GameStop Q2 Financials: Sales up 25% to $1.73 Billion, PS4 & Xbox One Experiencing “Worldwide Demand”
GameStop has reported their financial results for the second quarter (ended August 2) of the fiscal year, and thanks in part to the new consoles, they saw a 25.1% increase in total global sales compared to the same point last year.
In total, GameStop reports $1.73 billion in sales during the quarter, with net profit at $24.6 million (up 134.3%). Looking at the breakdown, new hardware sales were up 124.8% due to “worldwide demand” for PlayStation 4 and Xbox One, new software sales were up 15.6% thanks to Mario Kart 8, Watch Dogs, and The Last of Us Remastered, the pre-owned/value category was up 5.5%, and digital sales were up 17.6% to $179.2 million, with platform currency, mobile, and Steam cards leading the way.
GameStop President Tony Bartel had this to say in the report:
We continue to sell over one half of all PS4 and Xbox One titles. The new console cycle is driving momentum. We’ve had four consecutive quarters of positive comparisons year-on-year and we expect that trend to continue.
CFO Rob Lloyd added:
The second quarter demonstrates the power of the new console cycle and all of our business units, including Technology Brands, positively contributing to the company’s sales and profits.
The back half of the year is filled with exciting games and products coming to market and I am confident that we are prepared to capitalize on these opportunities.
During the earnings call following the report, GameStop EVP of Strategic Business and Brand Development Mike Hogan mentioned that sales of the new consoles “continue to meet or exceed our initial estimates.”
The attach rate is still building, as publishers release more new titles. GameStop’s attach rate is now above four, which is 75% higher than the rest of the industry. In the nine months since launch, category-wide sales of next-generation hardware are 70% higher than the same period following the PS3 and Xbox 360 launch, and GameStop’s sales are plus 140%. During the same time-frame, category-wide next-gen software sales are plus 26% versus the prior generation launch and GameStop’s are plus 103%.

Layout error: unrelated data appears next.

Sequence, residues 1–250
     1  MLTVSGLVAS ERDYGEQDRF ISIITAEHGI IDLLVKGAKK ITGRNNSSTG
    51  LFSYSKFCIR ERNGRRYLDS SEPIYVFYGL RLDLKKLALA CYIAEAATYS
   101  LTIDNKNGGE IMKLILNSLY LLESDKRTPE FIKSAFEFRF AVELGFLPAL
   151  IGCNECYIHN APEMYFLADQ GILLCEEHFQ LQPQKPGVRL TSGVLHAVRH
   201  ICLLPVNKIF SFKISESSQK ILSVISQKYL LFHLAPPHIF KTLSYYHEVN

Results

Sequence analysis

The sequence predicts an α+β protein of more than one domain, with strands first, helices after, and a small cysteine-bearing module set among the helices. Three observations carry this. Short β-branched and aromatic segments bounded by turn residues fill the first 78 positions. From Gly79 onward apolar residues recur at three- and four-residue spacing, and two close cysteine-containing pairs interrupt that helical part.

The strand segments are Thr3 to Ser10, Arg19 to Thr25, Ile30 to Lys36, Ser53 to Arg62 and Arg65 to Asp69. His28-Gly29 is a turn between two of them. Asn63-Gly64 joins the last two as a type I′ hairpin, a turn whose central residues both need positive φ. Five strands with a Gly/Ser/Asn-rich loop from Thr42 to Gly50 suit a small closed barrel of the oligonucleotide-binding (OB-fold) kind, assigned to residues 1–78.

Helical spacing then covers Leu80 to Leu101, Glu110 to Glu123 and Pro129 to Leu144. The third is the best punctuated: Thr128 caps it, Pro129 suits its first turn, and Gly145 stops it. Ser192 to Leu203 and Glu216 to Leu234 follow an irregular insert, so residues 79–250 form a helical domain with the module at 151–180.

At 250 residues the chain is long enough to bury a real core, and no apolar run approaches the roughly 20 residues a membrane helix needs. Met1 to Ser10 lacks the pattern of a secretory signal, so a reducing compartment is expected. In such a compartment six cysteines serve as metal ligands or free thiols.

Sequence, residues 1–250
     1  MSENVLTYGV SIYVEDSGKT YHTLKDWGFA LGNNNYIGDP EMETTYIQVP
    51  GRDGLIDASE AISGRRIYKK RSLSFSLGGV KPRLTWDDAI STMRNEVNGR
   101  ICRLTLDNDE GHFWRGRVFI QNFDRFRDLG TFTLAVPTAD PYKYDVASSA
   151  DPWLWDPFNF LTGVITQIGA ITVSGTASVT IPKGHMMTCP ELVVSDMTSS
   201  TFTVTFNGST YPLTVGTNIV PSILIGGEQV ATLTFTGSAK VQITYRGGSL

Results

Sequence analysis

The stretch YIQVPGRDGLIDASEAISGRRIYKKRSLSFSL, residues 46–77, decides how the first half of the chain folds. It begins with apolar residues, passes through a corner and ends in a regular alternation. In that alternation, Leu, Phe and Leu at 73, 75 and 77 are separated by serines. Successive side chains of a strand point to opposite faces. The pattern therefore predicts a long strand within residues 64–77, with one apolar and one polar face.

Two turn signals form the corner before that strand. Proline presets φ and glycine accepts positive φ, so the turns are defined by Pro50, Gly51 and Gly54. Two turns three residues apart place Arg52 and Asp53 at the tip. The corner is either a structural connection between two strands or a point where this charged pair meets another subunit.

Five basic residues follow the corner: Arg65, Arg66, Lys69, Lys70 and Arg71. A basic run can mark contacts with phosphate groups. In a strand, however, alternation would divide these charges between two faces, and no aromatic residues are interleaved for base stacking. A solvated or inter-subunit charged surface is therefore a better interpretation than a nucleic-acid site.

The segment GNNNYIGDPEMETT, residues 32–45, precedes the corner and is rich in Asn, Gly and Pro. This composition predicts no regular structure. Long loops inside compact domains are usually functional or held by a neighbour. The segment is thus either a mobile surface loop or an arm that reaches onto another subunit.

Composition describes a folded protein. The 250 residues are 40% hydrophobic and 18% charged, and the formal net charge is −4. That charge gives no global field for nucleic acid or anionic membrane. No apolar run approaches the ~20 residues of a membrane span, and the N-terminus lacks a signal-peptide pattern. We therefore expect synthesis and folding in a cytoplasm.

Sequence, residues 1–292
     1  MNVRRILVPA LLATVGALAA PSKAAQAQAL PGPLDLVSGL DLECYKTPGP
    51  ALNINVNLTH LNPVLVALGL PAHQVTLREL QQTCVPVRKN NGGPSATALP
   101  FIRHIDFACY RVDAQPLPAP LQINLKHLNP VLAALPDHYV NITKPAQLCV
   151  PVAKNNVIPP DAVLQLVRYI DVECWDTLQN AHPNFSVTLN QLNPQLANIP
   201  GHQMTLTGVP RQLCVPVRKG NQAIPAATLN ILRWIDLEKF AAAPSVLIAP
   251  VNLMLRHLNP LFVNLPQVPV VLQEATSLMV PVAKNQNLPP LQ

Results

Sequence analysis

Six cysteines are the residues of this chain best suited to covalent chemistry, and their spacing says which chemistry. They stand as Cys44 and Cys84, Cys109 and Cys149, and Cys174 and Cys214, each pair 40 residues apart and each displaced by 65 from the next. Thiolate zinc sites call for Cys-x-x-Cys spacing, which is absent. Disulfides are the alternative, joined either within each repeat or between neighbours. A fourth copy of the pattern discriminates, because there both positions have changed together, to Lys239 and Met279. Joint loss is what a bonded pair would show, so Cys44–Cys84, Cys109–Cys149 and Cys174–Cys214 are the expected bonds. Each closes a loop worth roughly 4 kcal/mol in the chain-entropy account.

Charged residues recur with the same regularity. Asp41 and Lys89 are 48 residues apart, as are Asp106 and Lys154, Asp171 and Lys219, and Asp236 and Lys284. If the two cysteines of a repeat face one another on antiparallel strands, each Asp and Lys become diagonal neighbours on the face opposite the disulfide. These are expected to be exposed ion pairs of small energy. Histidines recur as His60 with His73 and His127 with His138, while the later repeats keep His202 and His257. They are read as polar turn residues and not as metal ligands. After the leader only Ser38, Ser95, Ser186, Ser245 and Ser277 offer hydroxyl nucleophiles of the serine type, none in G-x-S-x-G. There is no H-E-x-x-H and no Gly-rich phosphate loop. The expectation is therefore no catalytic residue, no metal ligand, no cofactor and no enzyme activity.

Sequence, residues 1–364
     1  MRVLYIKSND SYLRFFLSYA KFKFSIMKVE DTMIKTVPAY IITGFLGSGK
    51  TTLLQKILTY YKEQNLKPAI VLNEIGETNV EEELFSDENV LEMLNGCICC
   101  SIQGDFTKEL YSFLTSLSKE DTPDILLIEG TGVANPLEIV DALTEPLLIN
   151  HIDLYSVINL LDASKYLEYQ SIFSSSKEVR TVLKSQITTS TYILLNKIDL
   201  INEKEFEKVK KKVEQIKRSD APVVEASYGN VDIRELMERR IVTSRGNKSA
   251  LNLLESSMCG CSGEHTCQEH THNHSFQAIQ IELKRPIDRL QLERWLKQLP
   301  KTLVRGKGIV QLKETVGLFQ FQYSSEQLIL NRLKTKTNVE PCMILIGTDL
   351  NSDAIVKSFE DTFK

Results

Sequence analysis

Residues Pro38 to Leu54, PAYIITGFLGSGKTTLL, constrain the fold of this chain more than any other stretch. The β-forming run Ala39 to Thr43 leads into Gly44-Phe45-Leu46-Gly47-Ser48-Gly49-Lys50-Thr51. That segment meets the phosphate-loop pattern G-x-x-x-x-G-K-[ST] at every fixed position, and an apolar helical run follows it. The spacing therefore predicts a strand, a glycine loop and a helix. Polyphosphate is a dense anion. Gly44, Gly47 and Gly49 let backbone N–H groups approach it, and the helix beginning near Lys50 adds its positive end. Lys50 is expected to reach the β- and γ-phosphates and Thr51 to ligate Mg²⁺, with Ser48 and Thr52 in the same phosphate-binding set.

Bartel then addressed the decreasing pre-orders being experienced right now:
What we are seeing on pre-sales, clearly, after recent announcements, we’ve seen a significant increase in pre-sales, but they are down from what we’ve seen in the past, we think for a couple of reasons. One, we think that people are still debating, as Mike shared with you earlier, what console they’re going to buy the game on.
And so what we have seen is, just because our pre-sales are down, it does not mean that our actual sales are down. And as Mike shared, we’re actually over-performing on all of the launches on Xbox One and PS4. So that’s a trend we’re continuing to see. So even though pre-sales are down a bit, we still believe they are the best barometer in the industry of what a game’s actual demand will be. It’s just that we have to buy a lot more relative to our pre-sales than what we’ve had to do in the past.
While GameStop may believe pre-orders are the biggest indicator for a game’s success, Activision believes it’s just one of the many metrics to look at.